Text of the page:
+ Stockholm+50, an international meeting convened by the U.N. General Assembly, was held in Stockholm, Sweden, on June 2-3. Recommendations issued by the Women’s Earth & Climate Action Network International prior to the Stockholm+50 conference highlight the unique impact of climate change on women globally. WECAN champions electing women to political office, and urges government to end fossil fuel expansion as well as protect Indigenous people’s rights to land and leadership.
+ Health centers in Florida are filing a lawsuit again the state’s H.B. 5, which would imprison providers for performing abortion procedures after 15 weeks.
“Not only does HB 5 defy the will of the people, it ignores the real life circumstances of people who need an abortion and deliberately puts them in harm’s way,” said ACLU of Florida legal director Daniel Tilley. “With the U.S. Supreme Court threatening to take away the federal right to abortion, we will do everything in our power to block this cruel attack on Floridians’ fundamental right to get the care they need.”
How We’re Doing
+ After Justice Samuel Alito’s draft decision overturning Roe v. Wade was leaked publicly, advertisements related to abortion hit 20,000 airings in one week, as compared with an average of only 2,000 airings per week earlier in the year.
+ Over 11 percent of women in the U.K. between the ages of 16 and 24 identify as lesbian, gay, bisexual or other, according to an annual survey by the Office for National Statistics. ONS has been collecting data on sexuality since 2014, and 2020 was the first year that more than 10 percent of young women identified as queer.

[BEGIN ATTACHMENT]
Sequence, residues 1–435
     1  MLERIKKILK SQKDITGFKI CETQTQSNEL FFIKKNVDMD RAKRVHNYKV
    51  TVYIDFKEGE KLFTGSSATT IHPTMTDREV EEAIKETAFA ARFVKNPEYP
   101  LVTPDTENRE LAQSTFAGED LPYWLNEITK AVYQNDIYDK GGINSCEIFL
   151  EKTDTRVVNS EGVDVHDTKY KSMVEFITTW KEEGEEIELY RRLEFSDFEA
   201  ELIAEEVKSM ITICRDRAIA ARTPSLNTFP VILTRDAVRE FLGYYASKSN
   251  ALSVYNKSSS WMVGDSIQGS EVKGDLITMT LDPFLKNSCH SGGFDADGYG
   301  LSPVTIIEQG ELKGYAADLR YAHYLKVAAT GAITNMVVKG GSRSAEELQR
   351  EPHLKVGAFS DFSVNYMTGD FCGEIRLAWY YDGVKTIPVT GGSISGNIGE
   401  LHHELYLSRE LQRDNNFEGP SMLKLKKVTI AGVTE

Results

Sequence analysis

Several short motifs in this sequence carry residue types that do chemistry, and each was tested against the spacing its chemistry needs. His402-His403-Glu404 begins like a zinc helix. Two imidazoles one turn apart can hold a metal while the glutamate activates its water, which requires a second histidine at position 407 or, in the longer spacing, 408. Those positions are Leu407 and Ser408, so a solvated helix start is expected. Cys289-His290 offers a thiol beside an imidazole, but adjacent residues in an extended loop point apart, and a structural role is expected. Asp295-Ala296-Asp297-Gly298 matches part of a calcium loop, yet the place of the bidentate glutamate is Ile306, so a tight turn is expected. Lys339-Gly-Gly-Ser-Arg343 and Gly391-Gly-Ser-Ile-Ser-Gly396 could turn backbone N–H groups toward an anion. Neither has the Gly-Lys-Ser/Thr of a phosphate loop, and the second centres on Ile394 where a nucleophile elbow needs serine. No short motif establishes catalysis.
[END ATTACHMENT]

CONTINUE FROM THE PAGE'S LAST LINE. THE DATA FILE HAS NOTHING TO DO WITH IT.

+ In 2020, firearms were the leading cause of death amongst adolescents ages 1–19, with firearm-related deaths among children increasing 29.5 percent in just one year.
+ In a departure from past polling results, young Americans views on abortion vastly differ from those of older generations. Of 18- to 29-year-olds surveyed, about three-fourths think abortion should be legal, as compared with just 54 percent of Americans over age 65.
+ Separated from their children, 58 percent of women in U.S. prisons and 80 percent of women in jails are mothers. Approximately 58,000 pregnant people are imprisoned each year, according to the Prison Policy Initiative.
+ A seven-part regional assessment of women displaced in the Russia-Ukraine conflict reveals sexual and labor exploitation to be chief concerns. While humanitarian organizations are continuing to provide aid, some groups and individuals offer housing or medical care with intent to sexually traffic or obtain free labor.